That sense of identity is more than symbolic. Josh Wallaert, an editor at the design publication Places, reviewing a delightful photoessay of libraries by photographer Robert Dawson, says that the "modern American public library is reading room, book lender, video rental outlet, internet café, town hall, concert venue, youth activity center, research archive, history museum, art gallery, homeless day shelter, office suite, coffeeshop, seniors’ clubhouse and romantic hideaway rolled into one. In small towns of the American West, it is also the post office and the backdrop of the local gun range."
Part of the sense of place is transformative. One architect refers to a library (in the campus context) as a "vital and critical intellectual center of life." As regards a neighborhood, "center of intellectual life" might be more accurate. Multiple studies note the intellectual capital that a library both represents and actually adds. It also represents social capital, stemming in part from the fact that a library, as embodiment of the commons, represents the ultimate in collaborative consumption, or shared resources. Additionally, the very presence of a library standing in a neighborhood indicates "the presence of a well-read and educated society."
A library can only fulfill all these functions of place if that place exists in real space. Author Joan Wickersham speaks of a library's importance "as a real place." Spatial presence must be part of library strategy. As one academic review of a book on libraries' futures put it, "the stature of libraries will depend on the very fact that they are physical places that are centrally located in almost every neighborhood."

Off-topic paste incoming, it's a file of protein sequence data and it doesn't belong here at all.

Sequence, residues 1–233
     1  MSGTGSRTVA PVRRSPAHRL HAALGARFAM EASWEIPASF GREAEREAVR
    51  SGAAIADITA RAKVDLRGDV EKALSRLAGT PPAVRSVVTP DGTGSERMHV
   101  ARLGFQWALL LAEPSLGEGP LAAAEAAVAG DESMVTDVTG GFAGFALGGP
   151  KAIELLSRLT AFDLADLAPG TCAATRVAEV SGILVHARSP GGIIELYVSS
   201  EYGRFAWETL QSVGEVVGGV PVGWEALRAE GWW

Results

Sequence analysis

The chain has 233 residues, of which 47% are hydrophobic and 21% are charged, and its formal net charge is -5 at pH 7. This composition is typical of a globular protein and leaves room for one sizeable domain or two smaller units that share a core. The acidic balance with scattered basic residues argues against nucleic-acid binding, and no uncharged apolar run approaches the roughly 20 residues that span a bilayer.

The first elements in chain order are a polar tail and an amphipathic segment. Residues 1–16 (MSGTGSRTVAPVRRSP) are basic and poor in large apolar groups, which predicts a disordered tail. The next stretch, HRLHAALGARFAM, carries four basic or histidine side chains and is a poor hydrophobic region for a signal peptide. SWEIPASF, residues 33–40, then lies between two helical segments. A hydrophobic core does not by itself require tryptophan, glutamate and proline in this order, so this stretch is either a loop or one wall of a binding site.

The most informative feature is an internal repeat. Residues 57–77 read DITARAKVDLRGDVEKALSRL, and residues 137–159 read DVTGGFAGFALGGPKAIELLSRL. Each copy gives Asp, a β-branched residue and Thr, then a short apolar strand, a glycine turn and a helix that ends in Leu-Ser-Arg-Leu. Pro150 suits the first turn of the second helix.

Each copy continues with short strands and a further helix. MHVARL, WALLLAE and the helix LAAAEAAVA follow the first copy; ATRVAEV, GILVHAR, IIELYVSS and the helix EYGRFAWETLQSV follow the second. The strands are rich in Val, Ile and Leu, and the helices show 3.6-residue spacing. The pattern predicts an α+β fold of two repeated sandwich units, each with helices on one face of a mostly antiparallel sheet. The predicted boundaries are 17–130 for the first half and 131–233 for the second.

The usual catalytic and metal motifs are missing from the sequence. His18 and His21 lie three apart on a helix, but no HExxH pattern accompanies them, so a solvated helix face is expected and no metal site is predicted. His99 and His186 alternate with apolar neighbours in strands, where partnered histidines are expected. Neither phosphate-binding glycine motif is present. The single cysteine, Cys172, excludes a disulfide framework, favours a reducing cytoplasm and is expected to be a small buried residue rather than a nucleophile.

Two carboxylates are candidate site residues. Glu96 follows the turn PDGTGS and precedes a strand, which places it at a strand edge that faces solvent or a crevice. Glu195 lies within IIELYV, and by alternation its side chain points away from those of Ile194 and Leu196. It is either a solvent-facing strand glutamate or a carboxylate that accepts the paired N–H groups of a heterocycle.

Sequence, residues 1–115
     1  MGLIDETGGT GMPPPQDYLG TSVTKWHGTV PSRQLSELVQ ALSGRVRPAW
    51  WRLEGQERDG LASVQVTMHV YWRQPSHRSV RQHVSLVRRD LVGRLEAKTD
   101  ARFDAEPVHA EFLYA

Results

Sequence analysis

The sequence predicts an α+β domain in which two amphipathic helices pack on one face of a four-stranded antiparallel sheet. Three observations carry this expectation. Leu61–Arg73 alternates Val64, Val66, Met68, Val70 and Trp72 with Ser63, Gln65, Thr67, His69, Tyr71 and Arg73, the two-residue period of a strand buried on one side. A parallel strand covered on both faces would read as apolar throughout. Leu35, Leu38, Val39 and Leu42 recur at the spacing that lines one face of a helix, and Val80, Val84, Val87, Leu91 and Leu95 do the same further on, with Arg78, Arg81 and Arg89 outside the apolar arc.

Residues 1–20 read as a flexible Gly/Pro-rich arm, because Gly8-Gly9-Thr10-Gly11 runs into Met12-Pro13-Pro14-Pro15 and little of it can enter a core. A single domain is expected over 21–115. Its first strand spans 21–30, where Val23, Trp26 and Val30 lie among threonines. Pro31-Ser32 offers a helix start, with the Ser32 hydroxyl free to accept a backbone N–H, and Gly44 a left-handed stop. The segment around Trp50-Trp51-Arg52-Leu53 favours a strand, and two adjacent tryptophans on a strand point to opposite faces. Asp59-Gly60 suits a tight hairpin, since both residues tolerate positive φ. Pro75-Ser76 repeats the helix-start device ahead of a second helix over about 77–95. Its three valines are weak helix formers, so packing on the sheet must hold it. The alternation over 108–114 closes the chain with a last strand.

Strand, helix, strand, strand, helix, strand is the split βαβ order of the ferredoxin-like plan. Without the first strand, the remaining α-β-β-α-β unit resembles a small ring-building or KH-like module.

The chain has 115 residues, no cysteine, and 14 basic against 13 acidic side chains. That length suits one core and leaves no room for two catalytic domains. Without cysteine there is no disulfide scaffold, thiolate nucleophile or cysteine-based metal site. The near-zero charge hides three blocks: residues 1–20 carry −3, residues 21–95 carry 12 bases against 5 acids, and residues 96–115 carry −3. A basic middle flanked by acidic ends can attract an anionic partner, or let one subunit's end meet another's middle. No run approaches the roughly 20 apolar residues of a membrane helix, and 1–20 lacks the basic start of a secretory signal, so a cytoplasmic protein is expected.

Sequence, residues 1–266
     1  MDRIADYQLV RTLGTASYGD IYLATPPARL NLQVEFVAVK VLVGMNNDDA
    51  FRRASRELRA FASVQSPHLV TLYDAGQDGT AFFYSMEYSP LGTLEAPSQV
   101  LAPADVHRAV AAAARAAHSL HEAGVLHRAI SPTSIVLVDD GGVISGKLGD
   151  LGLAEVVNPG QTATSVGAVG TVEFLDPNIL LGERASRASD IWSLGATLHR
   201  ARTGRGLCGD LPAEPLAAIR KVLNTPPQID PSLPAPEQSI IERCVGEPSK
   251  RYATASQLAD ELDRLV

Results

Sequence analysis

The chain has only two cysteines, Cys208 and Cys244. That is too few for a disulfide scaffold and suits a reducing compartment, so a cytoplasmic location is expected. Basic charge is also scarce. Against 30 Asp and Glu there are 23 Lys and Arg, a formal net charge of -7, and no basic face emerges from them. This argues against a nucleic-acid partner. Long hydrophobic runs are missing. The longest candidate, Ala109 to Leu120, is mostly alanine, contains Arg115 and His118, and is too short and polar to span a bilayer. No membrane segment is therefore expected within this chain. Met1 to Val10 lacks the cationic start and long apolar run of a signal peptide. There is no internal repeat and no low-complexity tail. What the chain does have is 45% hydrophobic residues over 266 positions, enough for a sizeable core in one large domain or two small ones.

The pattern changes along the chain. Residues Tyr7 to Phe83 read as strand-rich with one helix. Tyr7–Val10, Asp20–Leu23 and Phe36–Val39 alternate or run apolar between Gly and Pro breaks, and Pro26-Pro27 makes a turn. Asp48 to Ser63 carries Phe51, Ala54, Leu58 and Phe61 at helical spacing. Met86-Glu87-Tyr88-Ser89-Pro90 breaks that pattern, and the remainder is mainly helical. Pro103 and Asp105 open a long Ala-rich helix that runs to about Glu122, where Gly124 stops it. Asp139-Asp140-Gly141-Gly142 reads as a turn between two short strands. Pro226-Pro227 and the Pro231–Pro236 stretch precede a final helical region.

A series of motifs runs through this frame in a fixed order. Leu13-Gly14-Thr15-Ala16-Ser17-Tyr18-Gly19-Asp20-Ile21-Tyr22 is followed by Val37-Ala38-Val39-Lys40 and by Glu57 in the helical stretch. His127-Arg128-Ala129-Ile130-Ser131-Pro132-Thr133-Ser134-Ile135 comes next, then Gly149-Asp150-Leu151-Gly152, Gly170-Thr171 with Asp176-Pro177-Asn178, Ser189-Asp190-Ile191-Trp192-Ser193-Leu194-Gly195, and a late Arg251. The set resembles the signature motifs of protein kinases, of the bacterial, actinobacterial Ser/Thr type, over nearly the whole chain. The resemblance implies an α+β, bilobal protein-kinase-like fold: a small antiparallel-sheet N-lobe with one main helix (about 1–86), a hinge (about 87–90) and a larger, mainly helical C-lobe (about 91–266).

In 2005, two University of Chicago researchers analyzed 200 public libraries in New York City and found strong interactions, both ways, between the sociodemographics of a neighborhood, where libraries were located, and how libraries were used. They found multiple important reasons for "neighborhood public libraries," not least of which was that distance negatively impacted use. While disadvantaged communities used libraries less, the researchers found that improving that use would augment the human, economic, and cultural capital of disadvantaged neighborhoods, and that "when a library branch is integrated to be part of the neighborhood and provides a public place for social interaction within the neighborhood, the neighborhood will likely support the work of the branch."
These are not antiquated notions; every one of the above links is to a writing authored in the 21st Century. But moving forward into the future has never meant, and cannot mean, throwing away the best of the past. Wallaert notes that digital libraries cannot duplicate the many functions he identifies. Obviously, neither can a substitute such as a bookmobile or roving literacy booster.
The importance of library as place is real. The "idea" submitted by numerous Evanstonians to evanston150 was to establish a comprehensive library system that serves all neighborhoods. That does not mean a branch on every street corner, but it has to mean, in addition to a main branch located more northeast than centrally, a branch in the northwest and southeast quadrants along the train and bus lines where the North and South Branches existed for 50 and 100 years, respectively, and one or more library facilities serving the west/southwest portion of Evanston. The library square footage embodied in the proposal for a new Robert Crown center, and the former Washington Mutual space used as a summer reading spot at Dempster-Dodge, stand out as two obvious possibilities. Whether one or the other, both, or neither is the best solution is premature to say without more community input. One advantage of using existing space is that drywall is generally cheaper than new bricks and mortar. Regardless, the commitment should be made.
The "idea" as listed does not perfectly embody in its short phrasing the nuance and critical essence of place that such a network would embody, but it's the closest thing available on the list. The other 99 ideas range from brilliant to impossible, but don't forget to vote for this one. A real community is more than in the mind; it has to exist in real space as well.